This fall, the UMass Amherst College of Engineering welcomes five new faculty members: Ashish Kulkarni – Assistant Professor, Chemical Engineering Department; Yeon Sik Noh – Assistant Professor, College of Nursing and Electrical and Computer Engineering Department; Yadi Eslami – Senior Lecturer, Electrical and Computer Engineering Department; Jun Yao – Assistant Professor, Electrical and Computer Engineering Department; and Chengbo Ai – Assistant Professor, Civil and Environmental Engineering Department. Read more about their backgrounds and accomplishments.
Chemically and thermally robust fiber mats, capable of carrying “cargo” such as small molecule compounds, hold tremendous potential for applications in which green materials are imperative, such as wound healing, water remediation, catalysis, and food packaging. The catch is that the manufacturing process for such mats traditionally depends on toxic solvents and/or cytotoxic crosslinking agents. In order to produce environmentally friendly fiber mats, Professors Jessica Schiffman and Sarah Perry of our Chemical Engineering Department have received a three-year, $338,180 grant from the National Science Foundation (NSF) Materials Engineering and Processing Program. See NSF award announcement
Chemical Engineering (ChE) Professor Sarah Perry has transformed her class in microfluidics from the sort of dry theoretical course she took in graduate school into the kind of applied, do-it-yourself experience that every engineer loves. Perry designed her course in “Microfluidics and Microscale Analysis in Materials and Biology CHEM-ENG 590E” to give students industrially and scientifically relevant, hands-on, laboratory projects based on microfluidic technology.
Professor Wei Fan of the Chemical Engineering (ChE) Department is part of a team of researchers from UMass Amherst, the University of Delaware (UD), and the University of Minnesota that has invented a process to make butadiene, a key ingredient in synthetic rubber and plastics, from renewable sources such as trees, grasses, and corn. Fan’s ChE graduate student Hong Je Cho is also part of the team. The findings are online and will be published in the American Chemical Society’s ACS Sustainable Chemistry and Engineering.
Jeffrey Davis, Professor of Chemical Engineering, recently received two prominent campus awards: the UMass Distinguished Teaching Award; and the Chancellor’s Leadership Fellow Award. The UMass Distinguished Teaching Award is the highest honor on campus for classroom excellence, and only four awards are made across campus each year. The Chancellor’s Leadership Fellow program is designed to prepare future campus leaders.
Tami Paluca, the academic advisor for undergraduate studies and the director of alumni affairs in the Chemical Engineering (ChE) Department, is the 2017 winner of the Dean’s Service Award in the College of Engineering. “Tami is dedicated to undergraduate advising and oversees many vital aspects of the student experience for ChE,” said Dean Tim Anderson. “Highly regarded by students and faculty, she is known for her excellent advice, tireless work, and deep concern for the well-being of our undergraduates. Tami has proven indispensable as we navigate our way through the significant enrollment increase in the department.”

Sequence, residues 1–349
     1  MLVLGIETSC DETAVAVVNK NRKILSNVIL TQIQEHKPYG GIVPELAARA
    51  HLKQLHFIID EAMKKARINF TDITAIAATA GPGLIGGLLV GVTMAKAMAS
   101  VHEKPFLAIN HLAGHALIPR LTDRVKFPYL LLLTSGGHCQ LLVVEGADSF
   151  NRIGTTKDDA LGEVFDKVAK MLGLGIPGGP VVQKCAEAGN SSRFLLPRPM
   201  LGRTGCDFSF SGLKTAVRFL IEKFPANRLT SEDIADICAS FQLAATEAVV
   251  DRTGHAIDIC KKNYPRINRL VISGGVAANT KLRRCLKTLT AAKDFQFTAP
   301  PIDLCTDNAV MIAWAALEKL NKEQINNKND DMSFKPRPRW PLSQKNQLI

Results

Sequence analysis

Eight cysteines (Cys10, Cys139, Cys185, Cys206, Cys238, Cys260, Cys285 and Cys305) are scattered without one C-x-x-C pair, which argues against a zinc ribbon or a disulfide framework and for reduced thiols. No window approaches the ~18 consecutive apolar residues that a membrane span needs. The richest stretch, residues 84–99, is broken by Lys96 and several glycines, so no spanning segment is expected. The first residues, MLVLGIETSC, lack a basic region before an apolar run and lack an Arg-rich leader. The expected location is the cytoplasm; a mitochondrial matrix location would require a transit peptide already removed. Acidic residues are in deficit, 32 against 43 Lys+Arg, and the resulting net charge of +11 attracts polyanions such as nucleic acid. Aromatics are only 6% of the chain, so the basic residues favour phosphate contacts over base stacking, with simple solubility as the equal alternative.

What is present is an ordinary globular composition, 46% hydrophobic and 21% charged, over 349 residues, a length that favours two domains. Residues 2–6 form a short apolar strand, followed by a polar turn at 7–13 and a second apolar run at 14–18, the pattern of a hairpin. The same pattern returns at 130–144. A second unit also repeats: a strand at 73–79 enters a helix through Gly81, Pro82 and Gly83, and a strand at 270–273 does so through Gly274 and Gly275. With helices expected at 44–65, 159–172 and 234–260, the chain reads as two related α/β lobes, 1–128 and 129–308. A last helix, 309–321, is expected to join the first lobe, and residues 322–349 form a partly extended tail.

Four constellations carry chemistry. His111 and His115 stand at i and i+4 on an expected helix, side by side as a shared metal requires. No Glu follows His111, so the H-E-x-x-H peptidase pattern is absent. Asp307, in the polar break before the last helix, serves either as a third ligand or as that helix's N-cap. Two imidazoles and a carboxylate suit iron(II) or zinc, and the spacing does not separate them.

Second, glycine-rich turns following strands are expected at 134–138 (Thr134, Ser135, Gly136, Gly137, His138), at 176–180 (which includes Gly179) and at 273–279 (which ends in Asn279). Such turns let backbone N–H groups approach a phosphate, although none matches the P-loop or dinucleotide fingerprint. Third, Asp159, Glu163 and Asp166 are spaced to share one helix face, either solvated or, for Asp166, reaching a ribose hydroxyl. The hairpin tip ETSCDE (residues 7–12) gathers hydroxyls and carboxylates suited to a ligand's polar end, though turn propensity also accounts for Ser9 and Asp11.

Professor John Klier, the head of the Chemical Engineering (ChE) Department, and ChE Associate Professor Shelly Peyton were awarded a $25,000 grant from the University of Massachusetts system’s Tech Development Fund, which helps bring cutting-edge UMass research to market. Klier and Peyton were funded for their project to study “Novel associative hydrogels,” aimed at developing new microgel additives for dramatically enhancing coating performance and appearance and enabling new types of water-based coating systems.
On April 5, Chemical Engineering (ChE) major Cory Thomas of Tewksbury, Massachusetts, was honored as the 2017 UMass Amherst Male Winter Scholar-Athlete. During his highly productive undergraduate education at UMass Amherst, Thomas has run several of the fastest times in the history of the university, maintained a 3.2 GPA in the challenging ChE curriculum, completed two demanding internships, and devoted himself to pursuing a pharmaceutical engineering career motivated by his mother’s spirited fight to overcome cancer.
The College of Engineering has chosen Professor Don DeGroot of the Civil and Environmental Engineering (CEE) Department as the 2017 Outstanding Senior Faculty Award winner and Assistant Professor Jessica Schiffman of the Chemical Engineering (ChE) Department as the 2017 recipient of the Barbara H. and Joseph I. Goldstein Outstanding Junior Faculty Award. The winners will be recognized during the college’s Senior Recognition Celebration to be held on Saturday, May 13, 2017.
Prior to the 2017 Materials Research Society (MRS) Spring Meeting and Exhibit in Phoenix from April 17 to 21, Chemical Engineering (ChE) Professor Sarah Perry and two of her undergraduate students submitted a piece of scientifically related art work that was selected as a finalist for the MRS Science as Art competition, whose purpose was to show the aesthetic beauty of scientific images. Perry’s participating students are Savannah Szemethy, a sophomore ChE major, and Matthew Gagnon, a senior in mathematics. Szemethy and Gagnon’s MRS submission, titled Bloom, is a micrograph of DNA/lipid films that was recolored into an image of blooming flowers (see accompanying image).